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Tracey Carpenter
After treatment and surgery, Tracey Carpenter found she had a lot to adjust to: Baldness, wigs, breast forms and decidedly un-sexy mastectomy bras.
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updated 10/7/2009 6:09:57 PM ET 2009-10-07T22:09:57

It's a common perception that only older women get breast cancer — old enough that they don't really care if they ever have sex again. And boobs? Whatever, take 'em. They already nursed their kids and the ta-tas are just getting saggy anyway. Right?

Wrong! I'm 26, and I have cancer in my breast. And no matter what age, women still want to be treated like the gorgeous creatures we are, even when hairless, probably throwing up, and left ravaged by a mastectomy.

When I discovered my lump at 24, I was nearly scoffed out of a male breast cancer specialist’s office, who said I was statistically too young to have it. After some surly resistance on my part, I had my unidentified lump removed, but technically he was right: I didn't have breast cancer. I have a vascular tumor called angiosarcoma: a very rare and nasty cancer that normally shows up in the heart or bone. And here I am now, two years later with different doctors, a new diagnosis and a 70 percent chance of dying within the next two years.

Requiem for a breast
The months after my diagnosis were a painful blur. My boyfriend, Adam, doggedly called me beautiful and made sure that I was able to believe it. He was so caring and supportive when my oncologist said I would likely not have children because of the chemo. Instead of complaining or bolting for the door when my doctor said no sex because of the infection risk, Adam said: "I will wait for years. I don't care about sex; I just want you."

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I know that if our roles were reversed I would have done the same thing for him, but sometimes it's still surprising to know that a person can love enough to put up with everything that you have to go through. I know he puts on a brave face for me every day — and I have seen him break down when he didn't know I was looking. My bald head is covered in kisses, pats, rubs, and fuzzy hats whenever he comes home or if I look sad or feel ugly. That is commitment. I wish everyone had a relationship like ours.

Here is the skinny on the treatment of rare cancer in the boob (I call it the slash, burn and poison method): single-agent chemo, mastectomy, radiation and more chemo. If that sounds familiar, it is. Oncology hasn't changed much since the 1950s, although the drugs that treat the side effects have.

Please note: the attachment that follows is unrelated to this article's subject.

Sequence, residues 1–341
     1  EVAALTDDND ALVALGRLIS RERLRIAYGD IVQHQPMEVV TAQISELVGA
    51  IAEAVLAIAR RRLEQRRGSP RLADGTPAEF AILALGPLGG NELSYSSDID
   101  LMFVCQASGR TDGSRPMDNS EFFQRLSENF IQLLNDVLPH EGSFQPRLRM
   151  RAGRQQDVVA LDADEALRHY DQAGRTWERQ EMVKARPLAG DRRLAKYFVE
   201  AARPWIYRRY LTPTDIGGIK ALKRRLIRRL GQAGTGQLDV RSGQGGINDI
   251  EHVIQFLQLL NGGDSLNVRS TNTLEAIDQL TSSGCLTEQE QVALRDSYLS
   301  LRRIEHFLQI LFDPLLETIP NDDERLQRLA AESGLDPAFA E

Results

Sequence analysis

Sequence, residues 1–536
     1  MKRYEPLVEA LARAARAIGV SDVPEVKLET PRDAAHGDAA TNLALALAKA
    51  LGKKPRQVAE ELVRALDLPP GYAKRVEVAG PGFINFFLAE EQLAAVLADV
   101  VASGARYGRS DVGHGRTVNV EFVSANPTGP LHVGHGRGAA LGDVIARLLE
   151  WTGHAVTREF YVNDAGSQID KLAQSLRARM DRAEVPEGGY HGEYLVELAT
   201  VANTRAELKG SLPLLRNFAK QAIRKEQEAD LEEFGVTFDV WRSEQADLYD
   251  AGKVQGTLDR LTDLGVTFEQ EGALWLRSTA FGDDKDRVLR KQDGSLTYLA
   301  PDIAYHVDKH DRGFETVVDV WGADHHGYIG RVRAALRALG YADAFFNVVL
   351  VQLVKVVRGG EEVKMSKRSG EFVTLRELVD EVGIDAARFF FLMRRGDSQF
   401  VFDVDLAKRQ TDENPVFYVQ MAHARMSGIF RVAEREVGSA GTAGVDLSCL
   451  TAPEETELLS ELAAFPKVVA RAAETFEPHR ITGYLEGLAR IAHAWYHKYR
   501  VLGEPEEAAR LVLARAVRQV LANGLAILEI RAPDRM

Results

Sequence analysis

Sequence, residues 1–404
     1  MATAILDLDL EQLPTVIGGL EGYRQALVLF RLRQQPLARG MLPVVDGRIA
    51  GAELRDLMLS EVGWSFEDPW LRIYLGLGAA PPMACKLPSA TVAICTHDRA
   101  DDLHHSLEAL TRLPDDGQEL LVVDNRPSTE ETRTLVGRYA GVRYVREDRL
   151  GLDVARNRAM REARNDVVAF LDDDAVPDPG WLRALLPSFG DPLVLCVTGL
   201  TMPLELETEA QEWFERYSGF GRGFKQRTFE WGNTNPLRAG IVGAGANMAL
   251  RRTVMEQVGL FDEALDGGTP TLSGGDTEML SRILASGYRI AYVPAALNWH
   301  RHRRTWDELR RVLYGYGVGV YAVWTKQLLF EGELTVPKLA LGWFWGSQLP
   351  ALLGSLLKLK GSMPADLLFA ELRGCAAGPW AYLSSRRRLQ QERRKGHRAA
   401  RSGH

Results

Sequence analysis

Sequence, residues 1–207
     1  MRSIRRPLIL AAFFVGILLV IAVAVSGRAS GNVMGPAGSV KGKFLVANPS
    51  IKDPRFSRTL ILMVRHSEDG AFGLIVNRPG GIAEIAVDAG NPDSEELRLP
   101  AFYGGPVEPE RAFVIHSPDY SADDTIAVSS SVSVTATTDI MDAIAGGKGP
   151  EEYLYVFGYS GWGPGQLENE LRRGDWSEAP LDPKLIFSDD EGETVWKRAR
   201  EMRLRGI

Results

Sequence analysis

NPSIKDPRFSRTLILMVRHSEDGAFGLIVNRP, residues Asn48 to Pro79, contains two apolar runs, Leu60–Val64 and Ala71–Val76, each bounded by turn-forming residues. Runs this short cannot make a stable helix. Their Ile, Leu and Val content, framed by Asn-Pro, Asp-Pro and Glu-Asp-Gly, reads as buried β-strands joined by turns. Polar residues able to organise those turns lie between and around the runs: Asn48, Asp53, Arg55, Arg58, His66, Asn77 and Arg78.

On chemotherapy, the first hair to go is on your naughty bits (less painful than a Brazilian bikini wax!). Later your boyfriend will use duct tape as a makeshift lint brush for your head. You'd better load up on laxatives before infusion or you WILL suffer the consequences. And eat delicious, fattening foods right before chemotherapy, for you will never again be tempted to eat them. I used food aversion to my advantage; it makes dieting so much easier. Now if I even think about cheesecake, ham and gnocchi, I dry heave.

That was the chemo, but I cannot really put into words the grief that I felt when I got the call from the surgeon, telling me I had to have a mastectomy. My PET scan showed that the chemo was doing nothing, and the surgeon decided he wanted the tumor out in two days. Now, it is one thing to know the date for something and mentally prepare yourself, it is another to have someone spring a mastectomy on you. I tried to think to myself, "OK, whatever, it's a boob. It sucks but hey, it's not my arm, right?" but I wasn't ready. It felt like I was burying my youth.

Image: Author
Courtesy the author
The author was just 24 when she discovered a lump in her breast.

Adam took many pictures of me that last night with two breasts — wig and makeup fashionably in place — while I pranced around in heels and lingerie. I'm happy we did that. It was like a small requiem for my breast.

After the surgery I had a village of visitors: co-workers and family, and Adam was there day and night. He slept in the same hospital bed as me, crammed up against the bars of my bed and my morphine drip. He teased me that if I got lost in the desert I would walk around in clockwise circles because I was lopsided (morphine makes everything funny). When I was home, he emptied the tubes that drained fluid from my body and dressed my wounds. The first time he saw my chest he cried a little. I cried a lot. He kissed my incision and said he "was a butt guy anyway."